How Much Do the Houthis Threaten Red Sea Shipping?

Nov 26, 2019 | 11:00 GMT

The Red Sea forms the background of this photo taken from the island of Saba in the Al-Zubair archipelago off the coast of Yemen

A view from the island of Saba off the Yemeni coast. Houthi forces control only a small segment of coastal areas of Yemen, limiting the threat they can pose to commercial shipping in the vital waterway.

(DeAgostini/Getty Images)


  • Despite the Houthis' recent hijacking of some vessels near Yemen, the rebel group is unlikely to significantly disrupt most major commercial traffic, like bulk carriers and tankers, through the Red Sea.
  • Nevertheless, smaller vessels like fishing ships or tugboats that stray into waters near Yemen's coast could be at risk of seizure.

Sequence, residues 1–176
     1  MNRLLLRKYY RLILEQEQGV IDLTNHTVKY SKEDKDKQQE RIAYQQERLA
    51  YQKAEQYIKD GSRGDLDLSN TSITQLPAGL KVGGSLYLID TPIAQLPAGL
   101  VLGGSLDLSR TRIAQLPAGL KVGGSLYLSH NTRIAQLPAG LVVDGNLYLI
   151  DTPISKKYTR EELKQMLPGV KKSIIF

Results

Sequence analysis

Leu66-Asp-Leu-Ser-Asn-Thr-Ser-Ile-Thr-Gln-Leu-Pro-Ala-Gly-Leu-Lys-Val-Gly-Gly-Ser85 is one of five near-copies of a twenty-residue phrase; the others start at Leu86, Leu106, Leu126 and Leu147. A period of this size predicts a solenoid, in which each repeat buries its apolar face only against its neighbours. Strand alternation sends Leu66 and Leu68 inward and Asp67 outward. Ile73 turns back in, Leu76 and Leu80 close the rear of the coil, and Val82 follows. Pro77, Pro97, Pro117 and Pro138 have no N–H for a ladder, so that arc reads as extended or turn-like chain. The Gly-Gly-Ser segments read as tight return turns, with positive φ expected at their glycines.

• The lessons the international community learned in countering the threat of Somali piracy will provide an easy template for foreign naval forces to respond to any similar threat from Yemen.

In terms of past hijackings in the wider region, the incident was comparatively small: On Nov. 17, Houthi fighters seized Saudi and South Korean-flagged tugboats, as well as a South Korean drilling rig, near the island of Uqban. And following diplomatic efforts by Riyadh and Seoul, the Houthis released the vessels and their crews on Nov. 20, noting an internal investigation had revealed that the ships only entered Yemeni waters due to "bad weather." Indeed, apart from the seizure highlighting the occasional impact that Yemen's conflict can have on commercial shipping in the Red Sea, the incident does not presage a new age of piracy at the mouth of the Red Sea. While smaller vessels that stray too close to the Houthi-controlled coastline could find themselves in trouble, the rebels' lack of ability -- or even intent -- to target larger commercial traffic in the center of the Red Sea...

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